Friday, June 10, 2016

Newgate Gaol - a place to avoid

by Barbara Gaskell Denvil

Imprisonment was a very different matter in the medieval period when Newgate Gaol was first in operation. Few if any convicted of some criminal offence, were actually sentenced to gaol.

Newgate Gaol - and yes, it was a gate!
Gaol served to house anyone after arrest until they could be brought to trial. After conviction, the result was either release, death by execution, usually beheading, hanging, or hanging and quartering, sometime in the stocks, or some other form of punishment. Gaol was not considered a punishment. It was, however, one of the most vile experiences in those days and the overcrowded prisons often caused death long before the trial could take place.

Many buildings contained dungeons or cells to house prisoners, including monasteries and palaces. The greatest royal palace of medieval times was the Tower of London, from which all kings rode to their coronations. The royal apartments there were sumptuous and beautiful. This was no prison and the dungeons were small and rarely used until the Tudor era changed it all.

Torture had been illegal in England, but during the Tudor dynasty torture was increasingly permitted for crimes of heresy and treason. The Tower of London gradually became known as a gaol of the upper classes, but Newgate was still very much in use, known as the most important and notorious gaol in London.

It was indeed a gate – although no longer new by then. The gate itself was one of the principal western entrances into the city through the great Roman wall which surrounded and protected it. The gate first stood within the tall building with portcullis and a door which would be locked overnight. Another building was constructed alongside, and this became the principal prison. Upper cells were kept for the rich or important who could pay for superior accommodation and comfort including better food, and probably a better bed.  But lower down, partially below ground, was one huge chamber, and here the mass of criminal society was thrown, often chained and shackled, and there largely left to their own devices until death, or trial was called, whichever came first. This could be comparatively quick – or could take months, but usually only days or weeks. However, men and women were not segregated and fights could be vicious. Gaol fever was rife, rape, hunger and accidents killed many. Food was supplied, but only water (usually from the nearby highly polluted Thames), light ale and black bread. Even this insufficient fare could be stolen from those inmates who could not defend themselves against the stronger men prepared to fight for a larger share.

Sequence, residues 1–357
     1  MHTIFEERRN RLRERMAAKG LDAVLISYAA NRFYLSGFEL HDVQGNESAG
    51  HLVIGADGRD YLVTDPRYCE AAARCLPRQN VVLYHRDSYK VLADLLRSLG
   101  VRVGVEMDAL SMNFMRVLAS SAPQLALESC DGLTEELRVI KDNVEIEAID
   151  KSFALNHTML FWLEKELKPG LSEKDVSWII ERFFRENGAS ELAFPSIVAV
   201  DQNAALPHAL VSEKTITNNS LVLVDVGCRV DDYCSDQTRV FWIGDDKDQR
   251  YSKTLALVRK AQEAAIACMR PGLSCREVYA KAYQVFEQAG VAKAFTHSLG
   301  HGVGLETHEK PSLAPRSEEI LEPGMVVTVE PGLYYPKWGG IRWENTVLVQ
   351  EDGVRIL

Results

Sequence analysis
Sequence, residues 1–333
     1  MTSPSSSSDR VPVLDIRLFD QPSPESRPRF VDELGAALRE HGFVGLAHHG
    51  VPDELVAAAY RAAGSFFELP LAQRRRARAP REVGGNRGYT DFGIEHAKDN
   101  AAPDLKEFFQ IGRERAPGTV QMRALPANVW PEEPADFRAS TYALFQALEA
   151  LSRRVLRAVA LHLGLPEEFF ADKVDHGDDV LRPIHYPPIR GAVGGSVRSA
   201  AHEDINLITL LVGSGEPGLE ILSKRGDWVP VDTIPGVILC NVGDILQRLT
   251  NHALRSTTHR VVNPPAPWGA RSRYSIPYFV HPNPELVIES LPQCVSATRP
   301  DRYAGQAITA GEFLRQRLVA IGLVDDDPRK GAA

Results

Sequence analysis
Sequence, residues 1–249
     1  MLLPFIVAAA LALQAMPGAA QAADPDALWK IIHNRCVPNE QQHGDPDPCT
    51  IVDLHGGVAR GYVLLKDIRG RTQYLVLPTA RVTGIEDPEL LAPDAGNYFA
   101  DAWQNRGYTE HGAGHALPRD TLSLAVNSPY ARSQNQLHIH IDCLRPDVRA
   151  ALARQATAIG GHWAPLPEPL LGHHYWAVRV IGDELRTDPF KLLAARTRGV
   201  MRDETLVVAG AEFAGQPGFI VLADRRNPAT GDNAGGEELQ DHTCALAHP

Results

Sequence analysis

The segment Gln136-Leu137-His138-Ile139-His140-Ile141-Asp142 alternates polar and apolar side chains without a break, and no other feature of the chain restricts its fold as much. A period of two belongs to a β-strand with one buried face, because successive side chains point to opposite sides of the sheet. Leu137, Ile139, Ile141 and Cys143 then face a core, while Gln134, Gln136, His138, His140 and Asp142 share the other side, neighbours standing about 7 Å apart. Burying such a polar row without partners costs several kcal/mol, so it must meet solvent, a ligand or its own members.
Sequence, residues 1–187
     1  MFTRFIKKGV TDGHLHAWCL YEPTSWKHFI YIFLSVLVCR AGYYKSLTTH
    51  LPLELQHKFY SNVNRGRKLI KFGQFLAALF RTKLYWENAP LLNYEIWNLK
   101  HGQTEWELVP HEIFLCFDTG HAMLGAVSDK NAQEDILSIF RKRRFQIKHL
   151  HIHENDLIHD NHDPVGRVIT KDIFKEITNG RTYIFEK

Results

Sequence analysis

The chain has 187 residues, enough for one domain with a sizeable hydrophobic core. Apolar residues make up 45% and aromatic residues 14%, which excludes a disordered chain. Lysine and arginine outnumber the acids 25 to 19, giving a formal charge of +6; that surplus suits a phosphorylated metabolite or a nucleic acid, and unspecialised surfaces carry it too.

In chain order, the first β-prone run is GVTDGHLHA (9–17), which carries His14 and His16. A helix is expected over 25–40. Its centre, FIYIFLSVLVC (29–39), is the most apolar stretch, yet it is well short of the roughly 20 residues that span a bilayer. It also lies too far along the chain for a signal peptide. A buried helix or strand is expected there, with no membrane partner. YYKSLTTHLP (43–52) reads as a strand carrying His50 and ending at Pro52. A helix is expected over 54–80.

This communal hell-hole was known as the Limboes, and was one of the most terrible places in London. To be innocent, and thrown here, must have seemed like the end of the world.

Once taken before a judge, a prisoner’s fate would be decided and it would be unlikely to include a return to gaol. Those declared guilty of a serious crime would be taken off for execution at Tyburn. Beheading was for the nobility and they were rarely thrown into Newgate. Debtors were sometimes kept in prison until they could discharge their debt, but paying off large sums while incarcerated was not an easy task. Borrowing or thieving was the usual business. In later years after the prison had been transferred to far larger premises, many executions took place at Newgate itself.

Within the Limboes there was certainly no privacy and prisoner necessity was served by a central gutter where water often ran. Here was the only place to cough or vomit, also serving as the only latrine. Dick Whittington, a 15th century Lord Mayor of London (whether he had a cat, I’m not too sure) was concerned about the appalling conditions and dreadful over-crowding at Newgate, and he paid for and ordered enlargements and improvements. But sadly, the inhabitants soon increased further, and the over-crowding was repeated, quickly filling every new built space. It was said that those passing the gaol would have to hold their noses for the smell was so terrible it escaped the confines of the walls themselves.